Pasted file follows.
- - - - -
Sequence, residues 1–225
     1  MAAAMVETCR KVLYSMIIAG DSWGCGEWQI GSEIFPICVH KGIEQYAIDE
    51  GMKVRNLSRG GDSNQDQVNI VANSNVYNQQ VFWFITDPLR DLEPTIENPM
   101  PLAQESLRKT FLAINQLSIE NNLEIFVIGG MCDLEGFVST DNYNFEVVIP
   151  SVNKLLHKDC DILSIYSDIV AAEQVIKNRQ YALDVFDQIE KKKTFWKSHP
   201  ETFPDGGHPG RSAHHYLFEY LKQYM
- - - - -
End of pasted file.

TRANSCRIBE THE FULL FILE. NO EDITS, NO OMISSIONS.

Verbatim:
Sequence, residues 1–225
     1  MAAAMVETCR KVLYSMIIAG DSWGCGEWQI GSEIFPICVH KGIEQYAIDE
    51  GMKVRNLSRG GDSNQDQVNI VANSNVYNQQ VFWFITDPLR DLEPTIENPM
   101  PLAQESLRKT FLAINQLSIE NNLEIFVIGG MCDLEGFVST DNYNFEVVIP
   151  SVNKLLHKDC DILSIYSDIV AAEQVIKNRQ YALDVFDQIE KKKTFWKSHP
   201  ETFPDGGHPG RSAHHYLFEY LKQYM